The Relationship Between Teacher Evaluations and Teacher Observations

Administrators often ask instructional support staff to conduct observations of teachers to provide feedback that can be used in teacher evaluations. However, there is often confusion about the relationship between these two types of feedback. In this blog post, we’ll explore the difference between teacher evaluations and teacher observations and how they can be used together to help improve instruction.

What is a Teacher Evaluation?

A teacher evaluation is a formal process that is typically conducted by an administrator at the end of a school year. It is a summative assessment of a teacher’s performance that considers factors such as student achievement data, stakeholder feedback, and observations. The purpose of a teacher evaluation is to provide feedback that can be used to help improve instruction.

What is a Teacher Observation?

Teacher observation is an informal process that is typically conducted by an instructional coach or other instructional support staff member. It is a formative assessment of a teacher’s performance that considers factors such as classroom management, engagement with students, and use of instructional time. The purpose of a teacher observation is to provide feedback that can be used to help improve instruction.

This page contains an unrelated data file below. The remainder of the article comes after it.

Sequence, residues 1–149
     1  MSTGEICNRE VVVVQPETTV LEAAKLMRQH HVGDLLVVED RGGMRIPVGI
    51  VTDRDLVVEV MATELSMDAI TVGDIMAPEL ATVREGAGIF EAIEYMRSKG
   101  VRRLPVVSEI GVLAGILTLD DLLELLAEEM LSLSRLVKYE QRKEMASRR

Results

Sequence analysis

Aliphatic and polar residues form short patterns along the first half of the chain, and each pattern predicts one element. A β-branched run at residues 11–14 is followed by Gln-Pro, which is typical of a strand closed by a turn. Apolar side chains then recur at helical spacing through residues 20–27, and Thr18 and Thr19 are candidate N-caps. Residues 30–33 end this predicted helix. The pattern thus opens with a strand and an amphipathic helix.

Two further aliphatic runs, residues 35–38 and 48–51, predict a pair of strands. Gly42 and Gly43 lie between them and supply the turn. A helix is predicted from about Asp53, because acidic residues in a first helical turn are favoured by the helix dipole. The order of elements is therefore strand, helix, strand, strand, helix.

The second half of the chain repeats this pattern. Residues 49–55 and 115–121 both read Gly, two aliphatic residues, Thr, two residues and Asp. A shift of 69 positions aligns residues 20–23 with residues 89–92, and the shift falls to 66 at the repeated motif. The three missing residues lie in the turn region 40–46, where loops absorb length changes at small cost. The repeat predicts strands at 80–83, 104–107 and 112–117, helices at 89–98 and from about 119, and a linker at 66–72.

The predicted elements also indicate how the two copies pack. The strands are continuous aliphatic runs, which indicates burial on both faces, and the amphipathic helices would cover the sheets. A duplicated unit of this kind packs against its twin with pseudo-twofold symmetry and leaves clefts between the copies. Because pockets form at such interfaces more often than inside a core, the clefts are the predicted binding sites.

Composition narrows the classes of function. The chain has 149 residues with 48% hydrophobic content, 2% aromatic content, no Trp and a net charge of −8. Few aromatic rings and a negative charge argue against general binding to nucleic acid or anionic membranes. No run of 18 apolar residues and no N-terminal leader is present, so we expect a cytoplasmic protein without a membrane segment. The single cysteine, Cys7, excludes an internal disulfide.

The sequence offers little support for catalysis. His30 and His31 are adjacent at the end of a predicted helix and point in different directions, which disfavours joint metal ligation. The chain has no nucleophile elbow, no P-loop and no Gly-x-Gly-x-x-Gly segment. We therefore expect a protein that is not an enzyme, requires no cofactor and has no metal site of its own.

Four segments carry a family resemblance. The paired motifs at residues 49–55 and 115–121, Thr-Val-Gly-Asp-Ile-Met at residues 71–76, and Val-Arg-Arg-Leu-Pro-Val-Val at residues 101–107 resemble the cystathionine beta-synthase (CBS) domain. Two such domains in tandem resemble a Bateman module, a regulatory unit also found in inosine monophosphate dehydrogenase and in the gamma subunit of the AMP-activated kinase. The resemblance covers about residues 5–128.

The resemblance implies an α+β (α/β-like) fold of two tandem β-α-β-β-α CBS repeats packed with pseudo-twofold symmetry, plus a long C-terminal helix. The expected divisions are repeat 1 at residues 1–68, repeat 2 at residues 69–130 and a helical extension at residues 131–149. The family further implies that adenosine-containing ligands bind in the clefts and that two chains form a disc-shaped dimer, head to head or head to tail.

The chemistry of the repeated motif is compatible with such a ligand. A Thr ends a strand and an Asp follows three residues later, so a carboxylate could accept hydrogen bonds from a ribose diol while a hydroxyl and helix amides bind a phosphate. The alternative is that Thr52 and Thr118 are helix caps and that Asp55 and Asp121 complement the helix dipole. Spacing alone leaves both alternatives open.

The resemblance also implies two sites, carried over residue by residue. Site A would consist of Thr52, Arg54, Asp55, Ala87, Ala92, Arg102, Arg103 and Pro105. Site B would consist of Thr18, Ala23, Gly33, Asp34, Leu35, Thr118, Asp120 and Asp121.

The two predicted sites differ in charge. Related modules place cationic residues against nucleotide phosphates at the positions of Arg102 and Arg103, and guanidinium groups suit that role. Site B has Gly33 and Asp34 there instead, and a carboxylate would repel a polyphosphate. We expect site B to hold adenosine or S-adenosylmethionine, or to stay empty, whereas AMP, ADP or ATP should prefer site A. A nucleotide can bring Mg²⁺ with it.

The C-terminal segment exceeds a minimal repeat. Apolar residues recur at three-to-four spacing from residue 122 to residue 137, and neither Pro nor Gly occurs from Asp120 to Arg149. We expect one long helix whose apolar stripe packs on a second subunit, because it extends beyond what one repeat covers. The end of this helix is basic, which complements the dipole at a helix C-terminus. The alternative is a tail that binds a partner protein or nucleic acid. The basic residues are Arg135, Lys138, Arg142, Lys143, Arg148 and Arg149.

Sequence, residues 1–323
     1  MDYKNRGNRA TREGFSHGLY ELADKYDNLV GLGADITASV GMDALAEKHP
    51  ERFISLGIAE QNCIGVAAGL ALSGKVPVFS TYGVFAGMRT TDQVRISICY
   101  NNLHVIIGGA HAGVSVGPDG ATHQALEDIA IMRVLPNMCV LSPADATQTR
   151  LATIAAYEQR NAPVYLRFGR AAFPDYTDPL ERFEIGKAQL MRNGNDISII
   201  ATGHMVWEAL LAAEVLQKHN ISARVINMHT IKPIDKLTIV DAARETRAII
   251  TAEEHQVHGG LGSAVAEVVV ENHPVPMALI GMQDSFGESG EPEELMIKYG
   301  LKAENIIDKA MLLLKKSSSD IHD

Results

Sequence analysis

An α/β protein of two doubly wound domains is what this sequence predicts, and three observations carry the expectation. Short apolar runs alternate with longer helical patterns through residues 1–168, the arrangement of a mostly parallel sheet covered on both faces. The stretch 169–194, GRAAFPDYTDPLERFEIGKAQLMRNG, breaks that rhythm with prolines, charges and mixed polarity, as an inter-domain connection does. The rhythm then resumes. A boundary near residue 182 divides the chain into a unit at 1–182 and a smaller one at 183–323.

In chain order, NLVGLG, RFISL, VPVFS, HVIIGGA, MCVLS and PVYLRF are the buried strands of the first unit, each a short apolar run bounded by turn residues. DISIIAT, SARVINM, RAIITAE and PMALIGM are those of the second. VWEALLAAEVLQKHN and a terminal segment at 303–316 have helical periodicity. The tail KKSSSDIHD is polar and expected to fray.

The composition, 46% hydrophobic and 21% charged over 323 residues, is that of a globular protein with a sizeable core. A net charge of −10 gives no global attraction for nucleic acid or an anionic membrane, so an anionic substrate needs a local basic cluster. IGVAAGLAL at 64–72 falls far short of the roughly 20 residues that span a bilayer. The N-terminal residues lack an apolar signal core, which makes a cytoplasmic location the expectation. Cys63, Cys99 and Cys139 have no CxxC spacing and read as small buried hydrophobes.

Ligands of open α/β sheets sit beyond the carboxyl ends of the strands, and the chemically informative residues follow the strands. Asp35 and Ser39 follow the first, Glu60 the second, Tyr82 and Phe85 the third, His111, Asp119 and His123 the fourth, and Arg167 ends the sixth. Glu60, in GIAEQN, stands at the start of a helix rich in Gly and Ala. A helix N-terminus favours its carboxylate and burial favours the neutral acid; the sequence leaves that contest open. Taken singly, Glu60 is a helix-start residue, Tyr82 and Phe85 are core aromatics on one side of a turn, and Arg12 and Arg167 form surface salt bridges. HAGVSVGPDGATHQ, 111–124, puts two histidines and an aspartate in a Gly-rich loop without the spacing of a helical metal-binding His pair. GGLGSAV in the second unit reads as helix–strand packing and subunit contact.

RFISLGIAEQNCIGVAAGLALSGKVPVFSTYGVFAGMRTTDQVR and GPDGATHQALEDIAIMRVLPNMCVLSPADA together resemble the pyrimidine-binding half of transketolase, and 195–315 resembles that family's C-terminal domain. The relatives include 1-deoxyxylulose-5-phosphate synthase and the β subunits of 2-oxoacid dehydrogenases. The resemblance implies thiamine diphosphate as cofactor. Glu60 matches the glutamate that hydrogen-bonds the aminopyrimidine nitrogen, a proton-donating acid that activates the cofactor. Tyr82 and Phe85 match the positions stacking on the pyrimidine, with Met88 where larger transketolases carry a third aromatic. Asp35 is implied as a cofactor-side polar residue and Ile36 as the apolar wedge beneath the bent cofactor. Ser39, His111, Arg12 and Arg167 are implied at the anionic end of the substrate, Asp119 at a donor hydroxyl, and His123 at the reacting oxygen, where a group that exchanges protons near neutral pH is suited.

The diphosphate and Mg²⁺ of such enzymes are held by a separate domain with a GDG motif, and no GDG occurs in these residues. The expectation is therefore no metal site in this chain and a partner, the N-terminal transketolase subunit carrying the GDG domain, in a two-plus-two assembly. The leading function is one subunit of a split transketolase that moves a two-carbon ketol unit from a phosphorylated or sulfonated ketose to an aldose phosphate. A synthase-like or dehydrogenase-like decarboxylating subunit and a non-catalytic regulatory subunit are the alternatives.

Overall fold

How are Teacher Evaluations and Teacher Observations Related?

Teacher evaluations and teacher observations are both tools that can be used to provide feedback to teachers about their instruction. However, they serve different purposes. Teacher evaluations are summative in nature and are typically conducted at the end of a school year. Teacher observations are formative in nature and are typically conducted throughout the year. Both types of feedback can be used to help improve instruction.

Teacher evaluations and teacher observations are both important tools that can be used to provide feedback to teachers about their instruction. However, it’s important to understand the difference between the two types of feedback in order to use them effectively. When used together, teacher evaluations and teacher observations can provide a well-rounded view of a teacher’s performance and help identify areas for improvement.

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